Just as you can pump more air into the pool float, the sun's energy forces more electrons into the already crowded n-type layer. The electrons find this overcrowding intolerable and look for a way out. Engineers have been kind enough to provide it, but it will cost them. An electrical wire located on the far end of the n-type layer gathers the suffocating electrons and shepherds them back across. Along the way, we take a little bit of energy from the grateful electrons to power our gizmos.
Simple enough. So why aren't we ready to kick the fossil fuel habit and go 100 percent photovoltaic? Building an efficient solar cell presents a number of challenges, and we're still working to improve photovoltaic efficiency. Most commercially available systems convert only about 15 percent of the sun's energy into electricity.
Beyond that, timing and costs are problems. We have to store surplus energy collected during the day or we won't be able to watch late-night television. The problem is that high-capacity batteries are really expensive. "The battery adds about $1 per kilowatt-hour to the cost of solar energy," according to solar pioneer Allen Barnett at the University of Delaware. Americans pay only about 12 cents per kilowatt-hour for electricity bought from the utility company. So if you put solar panels on your house and can't sell your surplus energy back to the utility company, solar energy can be cost-prohibitive.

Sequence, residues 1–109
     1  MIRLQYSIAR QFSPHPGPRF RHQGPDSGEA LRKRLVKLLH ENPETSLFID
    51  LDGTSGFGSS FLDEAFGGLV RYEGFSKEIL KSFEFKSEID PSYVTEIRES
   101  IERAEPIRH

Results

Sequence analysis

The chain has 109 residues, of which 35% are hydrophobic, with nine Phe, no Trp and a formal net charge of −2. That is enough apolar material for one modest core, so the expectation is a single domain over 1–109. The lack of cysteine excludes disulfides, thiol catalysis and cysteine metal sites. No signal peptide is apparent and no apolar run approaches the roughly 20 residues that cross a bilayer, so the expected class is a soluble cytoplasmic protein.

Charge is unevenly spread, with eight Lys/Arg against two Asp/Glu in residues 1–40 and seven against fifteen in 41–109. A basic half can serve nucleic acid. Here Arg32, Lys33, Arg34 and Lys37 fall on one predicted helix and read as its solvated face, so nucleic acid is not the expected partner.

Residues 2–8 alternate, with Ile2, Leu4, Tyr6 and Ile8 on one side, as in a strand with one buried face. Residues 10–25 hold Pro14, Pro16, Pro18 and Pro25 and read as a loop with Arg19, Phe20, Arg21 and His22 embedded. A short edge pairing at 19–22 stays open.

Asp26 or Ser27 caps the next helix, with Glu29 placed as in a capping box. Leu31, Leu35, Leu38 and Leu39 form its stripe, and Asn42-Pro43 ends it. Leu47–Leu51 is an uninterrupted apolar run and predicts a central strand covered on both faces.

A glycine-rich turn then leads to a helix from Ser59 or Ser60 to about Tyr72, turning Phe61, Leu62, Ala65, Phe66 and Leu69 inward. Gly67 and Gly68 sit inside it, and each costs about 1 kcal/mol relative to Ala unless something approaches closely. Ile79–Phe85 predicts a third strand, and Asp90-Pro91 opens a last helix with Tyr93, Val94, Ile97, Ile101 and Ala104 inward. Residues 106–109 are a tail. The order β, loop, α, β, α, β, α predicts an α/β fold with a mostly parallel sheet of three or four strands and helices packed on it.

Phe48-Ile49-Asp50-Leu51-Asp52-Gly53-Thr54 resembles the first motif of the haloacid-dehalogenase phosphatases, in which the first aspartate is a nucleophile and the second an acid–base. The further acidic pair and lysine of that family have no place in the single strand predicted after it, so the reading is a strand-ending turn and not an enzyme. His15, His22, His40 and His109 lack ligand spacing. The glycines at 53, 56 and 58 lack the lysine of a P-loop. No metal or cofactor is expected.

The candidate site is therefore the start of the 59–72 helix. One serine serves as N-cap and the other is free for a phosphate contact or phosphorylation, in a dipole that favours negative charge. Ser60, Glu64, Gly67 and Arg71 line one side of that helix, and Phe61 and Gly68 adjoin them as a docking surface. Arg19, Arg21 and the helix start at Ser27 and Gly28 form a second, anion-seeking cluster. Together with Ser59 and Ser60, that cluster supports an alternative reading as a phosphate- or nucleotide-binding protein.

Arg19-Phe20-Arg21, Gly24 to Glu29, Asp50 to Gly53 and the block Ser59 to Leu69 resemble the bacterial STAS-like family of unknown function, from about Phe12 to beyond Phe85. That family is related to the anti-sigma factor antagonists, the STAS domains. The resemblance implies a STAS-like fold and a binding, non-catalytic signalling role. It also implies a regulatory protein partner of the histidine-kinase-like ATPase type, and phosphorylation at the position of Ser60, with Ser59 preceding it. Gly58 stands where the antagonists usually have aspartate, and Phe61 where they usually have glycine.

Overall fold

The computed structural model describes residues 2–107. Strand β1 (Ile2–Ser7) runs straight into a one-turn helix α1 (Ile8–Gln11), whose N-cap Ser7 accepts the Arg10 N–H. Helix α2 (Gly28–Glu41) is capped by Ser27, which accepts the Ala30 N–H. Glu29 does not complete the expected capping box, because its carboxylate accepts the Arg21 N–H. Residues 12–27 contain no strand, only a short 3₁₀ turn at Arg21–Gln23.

Despite these challenges, there is great promise in solar laboratories. Researchers are producing far more efficient cells than you can buy on the market. Barnett's laboratory just produced a prototype that converted more than 36 percent of its solar energy into electricity, a record for a photovoltaic cell that is usable by a consumer.
Some researchers believe cost, not efficiency, is the real barrier to a solar-powered America. "Silicon has to be processed to a high level of purity. It's an expensive process," says Alan Sellinger, who directs the Center for Advanced Molecular Photovoltaics at Stanford University. In 2000, three scientists won the Nobel Prize in Chemistry for showing that plastic can conduct electricity under certain circumstances. Sellinger's lab is exploiting that discovery to make what he hopes will be inexpensive solar cells.
"We're talking about photovoltaic cells that can be printed onto any backing using an ink-jet printer," says Sellinger, who also imagines other advances: Stained-glass windows will collect a wide range of wavelengths of light. The shaded blue stripe across of the top of your windshield will generate electricity. Soldiers' electronics will be driven by solar-collecting clothing.
Many solar scientists also think silicon is yesterday's news. Sandra Rosenthal, a professor of chemistry at Vanderbilt University, works with ultra-thin layers of cadmium selenide. She has shown that, when you reduce the material to a thickness of only a couple of nanometers -- that's about 200 atoms -- you can capture a much wider spectrum of the sun's energy, which has the potential to create dramatically more efficient solar cells.
Despite the fast-moving research, Barnett believes there's no point in waiting: "It makes sense to buy right now. The current technology is cost-effective, especially with the tax incentives available in the Washington area." So if you've been thinking about making the shift, go buy your roof panels. The solar windows, car and clothes are on their way.
Palmer, a freelance writer living in New York, is a regular contributor to Slate.com's Explainer column.